5. I've heard that I'll have to forklift all of my network equipment in order to use VoIP in my organization. Even if I can save on telecom expenses by switching, is it really worth it to lay out a bunch of cash for new switches and routers?
The answer to this question depends on how much VoIP you plan to implement. You can save money by switching your phone service to VoIP, while keeping your in-house PBX in the legacy realm for a few more years. You may also save money and gain features by migrating your in-house digital phones over to an all-IP Ethernet network. Sometimes, you'll save money with one approach, but not with the other. One under-hyped aspect of IP telephony is that you can migrate "a little at a time."
If you plan to go "all the way" (that is, IP phones on your LANs replacing all your organization's legacy phones), your networking equipment will need to be up to snuff. Switches and routers need to support quality of service (QoS) measures--special protocols whose goal is to ensure that the quality of VoIP phone calls never suffers because of a computer virus or spam swamping your network's capacity. The first step to figuring out how much new networking equipment you need, if any, is to audit the capabilities of your network's routers and switches. Such an audit will reveal the cost of converging your network and allow you to better justify (or rule out) a switch to VoIP.
6. Some people have told me I can save my company money by implementing an open source phone system like Asterisk or SipX, but I'm concerned about the security and stability of open source software. Are open source phone systems really comparable to the big commercial ones?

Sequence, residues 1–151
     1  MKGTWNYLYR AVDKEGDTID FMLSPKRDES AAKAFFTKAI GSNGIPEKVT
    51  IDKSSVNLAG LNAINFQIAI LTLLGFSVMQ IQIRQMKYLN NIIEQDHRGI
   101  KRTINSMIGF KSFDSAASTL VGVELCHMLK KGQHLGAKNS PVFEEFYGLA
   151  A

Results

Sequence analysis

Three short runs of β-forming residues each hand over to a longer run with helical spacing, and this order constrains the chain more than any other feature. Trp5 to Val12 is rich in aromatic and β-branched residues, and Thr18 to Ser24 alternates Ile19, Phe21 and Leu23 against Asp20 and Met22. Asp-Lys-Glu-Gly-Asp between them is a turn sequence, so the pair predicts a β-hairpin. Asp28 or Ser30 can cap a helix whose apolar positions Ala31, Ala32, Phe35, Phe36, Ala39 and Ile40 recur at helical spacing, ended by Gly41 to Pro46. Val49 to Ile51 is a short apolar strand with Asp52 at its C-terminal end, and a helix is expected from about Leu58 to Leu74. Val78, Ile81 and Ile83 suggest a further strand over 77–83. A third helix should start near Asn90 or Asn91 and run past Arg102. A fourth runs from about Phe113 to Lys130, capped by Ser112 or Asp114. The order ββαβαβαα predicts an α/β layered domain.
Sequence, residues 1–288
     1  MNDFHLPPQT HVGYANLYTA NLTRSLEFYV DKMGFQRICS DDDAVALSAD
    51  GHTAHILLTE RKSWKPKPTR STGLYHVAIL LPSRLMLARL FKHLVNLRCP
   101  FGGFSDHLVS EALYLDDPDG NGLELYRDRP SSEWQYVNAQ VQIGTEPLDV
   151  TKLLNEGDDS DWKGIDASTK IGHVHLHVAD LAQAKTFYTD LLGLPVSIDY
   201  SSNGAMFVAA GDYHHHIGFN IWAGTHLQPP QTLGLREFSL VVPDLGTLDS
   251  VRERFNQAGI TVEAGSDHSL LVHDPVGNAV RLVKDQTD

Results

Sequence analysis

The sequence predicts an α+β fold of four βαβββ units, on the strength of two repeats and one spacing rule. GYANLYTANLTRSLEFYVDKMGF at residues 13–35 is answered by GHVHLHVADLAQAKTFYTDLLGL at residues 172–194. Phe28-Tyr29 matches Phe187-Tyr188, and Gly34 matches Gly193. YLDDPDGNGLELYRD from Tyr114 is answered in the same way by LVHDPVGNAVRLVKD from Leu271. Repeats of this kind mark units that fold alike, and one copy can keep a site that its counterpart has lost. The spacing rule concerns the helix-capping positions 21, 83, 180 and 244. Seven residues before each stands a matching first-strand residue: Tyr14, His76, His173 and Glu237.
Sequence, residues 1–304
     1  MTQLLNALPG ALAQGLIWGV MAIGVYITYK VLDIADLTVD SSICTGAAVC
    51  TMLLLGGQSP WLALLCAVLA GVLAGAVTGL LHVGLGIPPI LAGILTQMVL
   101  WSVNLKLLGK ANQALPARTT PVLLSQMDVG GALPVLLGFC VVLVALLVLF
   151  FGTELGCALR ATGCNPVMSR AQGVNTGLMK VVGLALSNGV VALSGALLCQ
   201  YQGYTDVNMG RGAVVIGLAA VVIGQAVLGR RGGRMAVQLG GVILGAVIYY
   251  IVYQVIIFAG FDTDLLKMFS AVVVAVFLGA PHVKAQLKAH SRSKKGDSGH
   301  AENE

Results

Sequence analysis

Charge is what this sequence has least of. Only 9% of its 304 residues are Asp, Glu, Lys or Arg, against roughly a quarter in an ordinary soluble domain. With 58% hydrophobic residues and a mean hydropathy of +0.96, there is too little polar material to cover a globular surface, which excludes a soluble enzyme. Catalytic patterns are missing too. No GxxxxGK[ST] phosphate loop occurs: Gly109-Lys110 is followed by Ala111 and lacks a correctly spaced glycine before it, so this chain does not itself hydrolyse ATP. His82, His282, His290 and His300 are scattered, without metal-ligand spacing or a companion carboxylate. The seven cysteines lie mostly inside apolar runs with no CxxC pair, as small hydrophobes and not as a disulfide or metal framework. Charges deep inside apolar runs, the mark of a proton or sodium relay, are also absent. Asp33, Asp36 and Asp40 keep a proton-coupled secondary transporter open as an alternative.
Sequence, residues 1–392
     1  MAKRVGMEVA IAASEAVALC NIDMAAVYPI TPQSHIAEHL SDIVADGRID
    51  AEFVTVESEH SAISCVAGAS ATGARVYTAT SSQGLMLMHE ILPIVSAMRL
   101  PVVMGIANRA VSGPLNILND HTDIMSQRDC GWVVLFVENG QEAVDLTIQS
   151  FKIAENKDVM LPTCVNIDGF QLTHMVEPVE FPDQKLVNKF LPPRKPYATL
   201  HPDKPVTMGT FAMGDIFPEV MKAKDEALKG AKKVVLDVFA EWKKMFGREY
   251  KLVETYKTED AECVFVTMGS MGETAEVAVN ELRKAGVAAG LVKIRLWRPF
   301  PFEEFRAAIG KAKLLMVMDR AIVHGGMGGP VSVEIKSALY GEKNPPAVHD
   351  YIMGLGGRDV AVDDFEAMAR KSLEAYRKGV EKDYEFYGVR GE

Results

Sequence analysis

Many enterprise telecom admins don't even realize that a plethora of highly stable, open source telephony software exists. Ask a typical IT manager what he thinks of when you say "free VoIP software," and he'll probably tell you, "Skype," which is neither open source nor (completely) free. In response, I'll suggest a turnkey solution based on Asterisk, say. But since open source solutions have been stigmatized as insecure, unstable, and unsupported, the reflex reaction of my clients is, "Whoa, don't try to put that on my network."
Caution is helpful, but paranoia is unwarranted. If you have a qualified consultant or hands-on engineer build and maintain your PBX on a well-hardened Linux or BSD server, your phone system's central nervous system can be at least as stable as an old-school PBX chassis, and perhaps more so. With a reasonable amount of failover provisioning--i.e., hot-swappable hard disks (or a diskless, flash-based server) and redundant power supplies--a soft-based PBX can yield even higher hardware availability than a traditional commercial PBX system.
But all of this is academic, though. In order for an open source PBX solution to be stable, robust, and reliable, it needs to be built and maintained by a qualified support staff. That's a truth that applies to all phone systems, old and new, open source or commercial. Whether or that staff is in-house depends on how you do business, which leads me to question #7.